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Who are they?
The Mochi are cobblers and saddlers and make up 4.5 million living in North, Central and some parts of South India. They are also known as Muchia, Muchhir, Mochavaru, Dalera, Kattai, Machi, Rishi, Ravidas, Sochi, Arya Kshatriya Chumas and Papachulolu.
According to Russel and Hiralal (Tribes and Castes of the Central Provinces of India, 1919), and G.W. Briggs (The Chamars, 1920), the Mochi are an offshoot of the Chamar’s, who are tanners.
However, the Mochi’s themselves do not consider themselves superior to Chamars. Chamars do the initial preparation of make leather from raw hides, which is a smelly, degrading work, while Mochi’s use the finished leather to make shoes, boots and handbags. .
The Mochi also claim that they are descended from the Rajputs or Brahmins in order to give their caste a better standing in religious and social hierarchy. In Madhya Pradesh, they have assumed the title Rishi and profess to be debased Brahmans. To reinforce that belief, they have adopted the higher caste practice of not eating the flesh of dead animals or beef and do no permit their wives to be midwives.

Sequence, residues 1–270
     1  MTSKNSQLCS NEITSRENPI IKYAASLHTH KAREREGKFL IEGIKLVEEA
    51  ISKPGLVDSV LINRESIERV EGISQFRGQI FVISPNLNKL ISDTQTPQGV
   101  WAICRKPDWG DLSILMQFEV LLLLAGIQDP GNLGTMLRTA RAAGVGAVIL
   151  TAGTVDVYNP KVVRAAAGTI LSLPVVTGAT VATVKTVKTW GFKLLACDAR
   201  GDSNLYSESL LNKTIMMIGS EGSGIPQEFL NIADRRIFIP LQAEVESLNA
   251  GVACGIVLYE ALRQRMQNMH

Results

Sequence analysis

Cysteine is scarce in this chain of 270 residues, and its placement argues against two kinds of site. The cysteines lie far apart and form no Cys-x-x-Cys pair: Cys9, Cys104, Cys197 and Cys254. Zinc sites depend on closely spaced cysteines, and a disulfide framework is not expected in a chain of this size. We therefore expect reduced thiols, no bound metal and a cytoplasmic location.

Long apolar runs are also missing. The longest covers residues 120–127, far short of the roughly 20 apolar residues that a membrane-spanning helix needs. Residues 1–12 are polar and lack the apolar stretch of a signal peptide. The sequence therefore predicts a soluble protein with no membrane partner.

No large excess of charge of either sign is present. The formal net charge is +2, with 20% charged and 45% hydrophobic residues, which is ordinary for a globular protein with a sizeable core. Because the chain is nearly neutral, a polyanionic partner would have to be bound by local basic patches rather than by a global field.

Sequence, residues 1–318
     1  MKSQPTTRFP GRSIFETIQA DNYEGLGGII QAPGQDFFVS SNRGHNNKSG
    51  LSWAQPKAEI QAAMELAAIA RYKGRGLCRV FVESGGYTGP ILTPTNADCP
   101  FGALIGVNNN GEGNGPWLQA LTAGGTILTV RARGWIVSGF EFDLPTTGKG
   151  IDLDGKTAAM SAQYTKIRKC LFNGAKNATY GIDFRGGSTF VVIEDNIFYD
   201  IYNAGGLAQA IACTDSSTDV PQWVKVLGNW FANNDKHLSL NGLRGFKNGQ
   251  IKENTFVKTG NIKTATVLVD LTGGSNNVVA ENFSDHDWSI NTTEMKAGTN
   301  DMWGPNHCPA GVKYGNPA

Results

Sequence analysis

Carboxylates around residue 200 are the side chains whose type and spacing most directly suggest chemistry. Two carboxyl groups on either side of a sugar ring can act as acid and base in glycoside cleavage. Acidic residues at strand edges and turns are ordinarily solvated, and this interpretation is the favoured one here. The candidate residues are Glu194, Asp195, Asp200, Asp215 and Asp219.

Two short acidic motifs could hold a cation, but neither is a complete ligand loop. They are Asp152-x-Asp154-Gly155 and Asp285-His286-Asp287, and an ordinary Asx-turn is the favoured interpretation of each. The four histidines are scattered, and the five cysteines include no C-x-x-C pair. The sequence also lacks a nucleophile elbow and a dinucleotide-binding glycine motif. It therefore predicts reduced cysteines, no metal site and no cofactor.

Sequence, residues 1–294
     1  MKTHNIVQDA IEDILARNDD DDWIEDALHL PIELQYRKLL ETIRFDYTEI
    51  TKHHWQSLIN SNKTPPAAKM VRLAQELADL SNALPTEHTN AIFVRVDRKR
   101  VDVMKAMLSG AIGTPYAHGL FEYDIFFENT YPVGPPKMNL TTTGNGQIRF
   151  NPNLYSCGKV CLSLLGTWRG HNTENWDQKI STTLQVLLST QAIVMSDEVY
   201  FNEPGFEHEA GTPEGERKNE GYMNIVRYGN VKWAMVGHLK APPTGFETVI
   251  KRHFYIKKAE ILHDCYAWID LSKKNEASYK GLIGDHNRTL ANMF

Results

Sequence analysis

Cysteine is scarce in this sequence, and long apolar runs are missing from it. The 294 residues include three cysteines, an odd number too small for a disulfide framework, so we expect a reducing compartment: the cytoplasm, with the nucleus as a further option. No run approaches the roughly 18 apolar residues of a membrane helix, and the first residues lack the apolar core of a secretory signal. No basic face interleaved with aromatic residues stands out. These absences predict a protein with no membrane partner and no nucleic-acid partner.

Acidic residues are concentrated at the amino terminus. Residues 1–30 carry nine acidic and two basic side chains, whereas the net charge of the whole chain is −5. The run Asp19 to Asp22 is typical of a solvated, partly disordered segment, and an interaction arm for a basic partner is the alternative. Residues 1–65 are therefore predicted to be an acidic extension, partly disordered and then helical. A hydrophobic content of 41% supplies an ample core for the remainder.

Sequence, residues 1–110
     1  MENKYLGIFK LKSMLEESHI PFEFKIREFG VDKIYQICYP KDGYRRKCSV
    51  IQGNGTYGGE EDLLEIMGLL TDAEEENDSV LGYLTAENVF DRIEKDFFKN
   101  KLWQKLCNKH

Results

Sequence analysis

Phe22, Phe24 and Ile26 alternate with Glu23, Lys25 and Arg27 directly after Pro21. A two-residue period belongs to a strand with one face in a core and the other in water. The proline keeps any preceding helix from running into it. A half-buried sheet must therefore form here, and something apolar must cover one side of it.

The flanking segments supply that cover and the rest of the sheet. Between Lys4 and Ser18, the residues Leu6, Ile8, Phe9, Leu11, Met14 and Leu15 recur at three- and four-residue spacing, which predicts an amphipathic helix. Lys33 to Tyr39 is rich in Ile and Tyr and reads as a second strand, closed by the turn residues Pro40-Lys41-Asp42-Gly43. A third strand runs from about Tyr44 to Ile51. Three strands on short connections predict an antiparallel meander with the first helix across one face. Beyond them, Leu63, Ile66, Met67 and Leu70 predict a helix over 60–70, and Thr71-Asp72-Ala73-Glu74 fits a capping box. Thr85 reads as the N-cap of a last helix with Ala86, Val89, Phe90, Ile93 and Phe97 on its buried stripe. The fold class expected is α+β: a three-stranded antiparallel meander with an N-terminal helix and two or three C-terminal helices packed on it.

Legend says that god Brahma’s son used to sacrifice cows to the gods, eat a portion of the sacrifice, then restore the offering back to life and drive it into the forest. Then one day he failed to resurrect the cow because his pregnant wife had secretly stolen a portion. This resulted in a curse and she gave birth to the first Mochi.
Another myth is told that Mochiram, the first Mochi, was born from the sweat of a dancing Brahma. Mochiram offended the sage Durvasa who sent a pretty Brahman widow to seduce him. When Mochiram resisted, Durvasa used his miraculous powers to cause her to become pregnant in order to frame Mochiram. The Brahmin widow gave birth to twin sons who are the descendents of the Mochi caste in West Bengal.
They are found in the large numbers in Sitapur, Allahabad, Sultanpur, Faizabad, Gonda, Kanpur and Lucknow districts of Uttar Pradesh (160,000), Punjab (150,000), Maharashtra (120,000), Gujarat (170,000), Assam (190,000), West Bengal (1.2 million), Bihar (49,000), Madhya Pradesh (34,000), Haryana (28,000), Andhra Pradesh where many live Krishna, Guntur, East Godavari, Hyderabad, Kurnool and Adilabad districts (16,000), Karnataka (28,000) and Orissa (9,000).